Terrible title for a terrible movie. Not even Heisenberg could save this cold and disjointed crime thriller. Watch Narcos instead.
A U.S. Customs official (Bryan Cranston – Breaking Bad) uncovers a money laundering scheme involving Colombian drug lord Pablo Escobar.
A meandering and uninteresting crime biopic. Shame. Let’s start with the positives (That will be about a paragraph).
The opening was engaging enough as we watched agent Robert Mazur in play (Even if it was Hal in a badly dyed wig and tash). I couldn’t believe the number of British actors popping up in small (and tragically meaningless) roles; Daniel Mays (Dad’s Army), Leanne Best (Line of Duty) and Joseph Gilgun (Misfits).
I was intrigued as Mazur had to fake a heart attack to cover up the fact that the bug he was wearing was actually frying his chest. You could feel for the chap as retirement reared its ugly head. Desperately seeking one operation, one bust that will truly make a dent on this relentless drug war.
It was interesting to see the strain that the scheme took on Mazur’s wife. Juliet Aubrey (The Constant Gardener) and Bryan Cranston had good chemistry. At first, Evelyn was understanding and supportive as Bob confides in her every detail BUT as he delves deeper into the underbelly and his cover became entwined with his personal life, things began to take their toll.
An uncomfortable anniversary dinner took a turn for the worse as the couple bump into one of Mazur’s targets. A moment involving a birthday cake was probably one of the best scenes in the film. Cranston was able to show why he won all those Emmys and highlight the pressure of keeping two personas.
It was a little disappointing that the momentum couldn’t be carried. The agonizing pace really didn’t help the piece. There were good portions of the film that dragged unnecessarily.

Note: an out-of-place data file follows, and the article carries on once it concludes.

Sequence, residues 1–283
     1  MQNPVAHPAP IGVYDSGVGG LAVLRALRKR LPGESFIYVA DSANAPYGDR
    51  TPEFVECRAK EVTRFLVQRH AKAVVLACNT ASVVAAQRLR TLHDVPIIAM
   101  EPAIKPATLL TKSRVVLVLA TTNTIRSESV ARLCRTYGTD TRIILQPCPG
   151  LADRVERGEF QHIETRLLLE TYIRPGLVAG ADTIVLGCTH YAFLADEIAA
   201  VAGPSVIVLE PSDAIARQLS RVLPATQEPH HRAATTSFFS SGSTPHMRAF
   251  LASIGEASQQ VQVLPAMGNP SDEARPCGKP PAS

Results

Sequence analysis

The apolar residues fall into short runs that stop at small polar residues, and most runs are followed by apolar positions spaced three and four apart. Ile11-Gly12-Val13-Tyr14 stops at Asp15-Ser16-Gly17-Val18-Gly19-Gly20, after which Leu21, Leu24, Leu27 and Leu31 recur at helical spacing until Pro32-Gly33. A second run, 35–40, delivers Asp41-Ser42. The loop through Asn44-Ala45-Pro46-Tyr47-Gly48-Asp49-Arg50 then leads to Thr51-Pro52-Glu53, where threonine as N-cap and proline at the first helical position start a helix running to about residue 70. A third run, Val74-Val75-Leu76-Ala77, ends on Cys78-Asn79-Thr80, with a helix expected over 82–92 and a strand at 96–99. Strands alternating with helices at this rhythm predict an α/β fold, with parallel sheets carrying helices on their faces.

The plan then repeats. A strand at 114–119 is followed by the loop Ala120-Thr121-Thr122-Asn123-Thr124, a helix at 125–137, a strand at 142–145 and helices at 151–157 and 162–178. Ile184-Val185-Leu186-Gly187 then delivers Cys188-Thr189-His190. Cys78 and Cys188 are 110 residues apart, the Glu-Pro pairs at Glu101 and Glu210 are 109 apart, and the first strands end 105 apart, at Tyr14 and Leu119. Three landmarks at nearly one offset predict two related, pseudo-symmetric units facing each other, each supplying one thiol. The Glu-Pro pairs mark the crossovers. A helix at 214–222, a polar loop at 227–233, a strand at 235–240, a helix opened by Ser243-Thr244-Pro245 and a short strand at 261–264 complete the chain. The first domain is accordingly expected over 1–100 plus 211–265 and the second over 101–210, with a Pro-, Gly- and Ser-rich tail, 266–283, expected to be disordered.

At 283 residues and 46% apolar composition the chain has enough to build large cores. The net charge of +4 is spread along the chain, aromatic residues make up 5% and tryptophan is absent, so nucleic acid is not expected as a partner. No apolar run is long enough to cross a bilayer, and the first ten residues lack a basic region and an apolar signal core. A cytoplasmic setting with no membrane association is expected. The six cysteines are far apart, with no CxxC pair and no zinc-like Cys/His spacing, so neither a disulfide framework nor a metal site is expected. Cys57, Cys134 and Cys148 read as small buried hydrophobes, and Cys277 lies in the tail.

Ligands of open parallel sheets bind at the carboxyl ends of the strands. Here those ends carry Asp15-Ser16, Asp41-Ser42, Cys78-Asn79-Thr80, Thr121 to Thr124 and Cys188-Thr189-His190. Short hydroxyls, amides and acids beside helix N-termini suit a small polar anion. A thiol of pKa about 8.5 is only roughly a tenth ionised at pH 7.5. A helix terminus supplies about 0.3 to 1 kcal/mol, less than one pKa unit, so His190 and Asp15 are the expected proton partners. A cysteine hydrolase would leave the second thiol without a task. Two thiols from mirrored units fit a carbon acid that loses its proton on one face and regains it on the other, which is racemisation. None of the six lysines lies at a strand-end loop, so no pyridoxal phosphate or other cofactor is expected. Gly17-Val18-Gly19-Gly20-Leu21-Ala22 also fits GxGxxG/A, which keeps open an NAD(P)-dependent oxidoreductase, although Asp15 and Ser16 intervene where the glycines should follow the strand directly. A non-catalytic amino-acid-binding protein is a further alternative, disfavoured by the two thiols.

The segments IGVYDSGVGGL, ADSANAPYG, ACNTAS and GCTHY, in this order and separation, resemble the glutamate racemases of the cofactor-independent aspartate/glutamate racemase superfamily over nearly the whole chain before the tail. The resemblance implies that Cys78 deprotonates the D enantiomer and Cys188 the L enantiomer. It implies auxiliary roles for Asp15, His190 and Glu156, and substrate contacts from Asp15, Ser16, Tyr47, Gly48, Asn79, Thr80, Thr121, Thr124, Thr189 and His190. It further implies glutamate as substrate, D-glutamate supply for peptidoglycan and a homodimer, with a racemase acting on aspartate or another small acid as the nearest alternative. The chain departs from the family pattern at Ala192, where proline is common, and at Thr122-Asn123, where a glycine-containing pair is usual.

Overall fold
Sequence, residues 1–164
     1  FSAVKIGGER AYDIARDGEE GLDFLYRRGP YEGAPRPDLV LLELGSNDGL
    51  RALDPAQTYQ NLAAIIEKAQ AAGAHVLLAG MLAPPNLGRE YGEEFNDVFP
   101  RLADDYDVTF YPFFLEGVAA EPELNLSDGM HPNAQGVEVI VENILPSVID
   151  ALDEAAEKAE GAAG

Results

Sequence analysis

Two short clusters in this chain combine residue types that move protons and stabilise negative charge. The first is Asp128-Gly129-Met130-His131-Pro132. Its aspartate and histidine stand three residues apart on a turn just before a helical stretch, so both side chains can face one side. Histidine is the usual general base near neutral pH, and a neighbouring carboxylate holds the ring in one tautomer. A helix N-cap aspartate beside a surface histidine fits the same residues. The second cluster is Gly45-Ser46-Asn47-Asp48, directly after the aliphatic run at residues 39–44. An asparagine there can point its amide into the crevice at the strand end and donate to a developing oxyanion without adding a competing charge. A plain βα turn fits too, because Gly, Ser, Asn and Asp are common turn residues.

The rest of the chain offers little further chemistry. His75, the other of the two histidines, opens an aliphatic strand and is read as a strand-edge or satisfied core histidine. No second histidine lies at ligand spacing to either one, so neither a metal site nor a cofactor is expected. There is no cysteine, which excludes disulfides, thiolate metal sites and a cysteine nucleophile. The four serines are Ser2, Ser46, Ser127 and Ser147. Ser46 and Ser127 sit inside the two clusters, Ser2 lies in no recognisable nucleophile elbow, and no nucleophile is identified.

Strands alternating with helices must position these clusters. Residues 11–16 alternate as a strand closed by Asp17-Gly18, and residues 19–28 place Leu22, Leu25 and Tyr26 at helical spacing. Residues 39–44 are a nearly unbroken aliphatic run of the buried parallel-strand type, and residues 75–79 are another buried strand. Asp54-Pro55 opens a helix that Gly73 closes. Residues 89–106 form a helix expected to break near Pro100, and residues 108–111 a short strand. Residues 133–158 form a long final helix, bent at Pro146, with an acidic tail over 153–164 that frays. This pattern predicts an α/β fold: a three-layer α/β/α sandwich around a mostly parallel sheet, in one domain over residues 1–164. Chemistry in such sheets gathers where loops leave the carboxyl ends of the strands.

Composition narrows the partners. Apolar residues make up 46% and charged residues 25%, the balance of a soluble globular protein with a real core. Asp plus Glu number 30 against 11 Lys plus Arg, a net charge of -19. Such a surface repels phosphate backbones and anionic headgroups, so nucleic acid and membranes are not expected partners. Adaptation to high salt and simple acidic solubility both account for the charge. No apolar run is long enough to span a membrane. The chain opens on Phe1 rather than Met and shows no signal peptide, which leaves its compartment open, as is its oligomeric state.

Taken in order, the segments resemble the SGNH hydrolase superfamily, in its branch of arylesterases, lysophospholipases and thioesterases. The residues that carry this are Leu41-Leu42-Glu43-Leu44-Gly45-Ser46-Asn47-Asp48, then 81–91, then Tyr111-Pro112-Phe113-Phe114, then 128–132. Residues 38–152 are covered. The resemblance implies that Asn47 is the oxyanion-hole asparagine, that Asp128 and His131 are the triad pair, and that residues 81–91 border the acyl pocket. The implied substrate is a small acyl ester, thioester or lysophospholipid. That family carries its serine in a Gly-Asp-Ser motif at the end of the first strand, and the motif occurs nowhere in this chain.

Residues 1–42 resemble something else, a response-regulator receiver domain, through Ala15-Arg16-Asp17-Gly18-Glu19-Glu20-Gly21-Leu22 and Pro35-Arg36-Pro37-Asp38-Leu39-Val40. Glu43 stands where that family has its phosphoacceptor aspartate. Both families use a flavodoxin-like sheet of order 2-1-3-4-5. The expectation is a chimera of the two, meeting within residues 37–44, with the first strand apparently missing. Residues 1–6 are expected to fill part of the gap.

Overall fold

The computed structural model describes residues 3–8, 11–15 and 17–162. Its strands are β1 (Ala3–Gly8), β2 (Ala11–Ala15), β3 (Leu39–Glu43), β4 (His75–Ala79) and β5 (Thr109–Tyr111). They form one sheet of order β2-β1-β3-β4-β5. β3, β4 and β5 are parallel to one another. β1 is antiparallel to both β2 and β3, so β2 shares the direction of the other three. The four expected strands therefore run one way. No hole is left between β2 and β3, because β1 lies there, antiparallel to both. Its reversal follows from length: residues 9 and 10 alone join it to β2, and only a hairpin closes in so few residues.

I’m not sure whether it was a case of writer Ellen Sue Brown sticking too close to the original novel based on Mazur’s life BUT it really wasn’t an interesting one. It didn’t take a rocket scientist to establish that Escobar was filtering his money through America and various places around the world. Once we witnessed Bob initiate a few shady deals and droll out some financial statistics, there wasn’t much else on offer.
John Leguizamo’s character was the most interesting one as the unstable Emir Abreu. BUT he still annoyed the hell out of me. The banter and one liners not quite jumping out at you and coming off flat and unfunny. BUT at least his character got things going. Introducing Mazur to the very underworld he wants to bring down.
There were a couple of tense moments as Abreu had to protect Mazur’s cover and deal with his own C.I. that was going out of his way to cause problems. BUT for all the potential trouble it suggested, nothing really came of it. Once Mazur got to the people he needed to, Abreu was pushed into the background and only brought back for the dismal finale.
And that was the main problem. It was all build up with no pay-off. It spent so long setting everything up and then ended abruptly with some mind-numbing disappointing statistics and bio footnotes in the closing credits. BUT by the end I couldn’t care less.
Diane Kruger did her best as Kathy Ertz; Mazur’s undercover wife. The writer teased a growing closeness between the pair BUT it was never really explored. Some much needed drama that could have added to the strain on Mazur’s real wife. However, it was reduced to an awkward encounter between the two ladies that just didn’t work.
Benjamin Bratt did his best with the role of Roberto Alcaino BUT he delivered more gusto and tenacity as El Macho in Despicable Me 2. The promising cast were wasted. Amy Ryan was reduced to playing a stocky CIA operative. Dull. Gilgun wasn’t in it enough as Dominic. He has come a long way from Emmerdale.
Joshua Reis’ cinematography was great to look at BUT there were only so many badly choreographed flashy neon stripper dances to cracking 80s tunes that could distract me from the monotonous clichéd and generic crime drivel that we’ve seen time and time again.
A movie of mere moments that never really took off. It was a little infuriating to see the Breaking Bad star take another foray into the drug business BUT at the same time if anyone could have made it work, you would have banked on Walter White.
You know you’re onto a loser when the main villain is reduced to a blink-and-you’ll-miss-it walking cameo.
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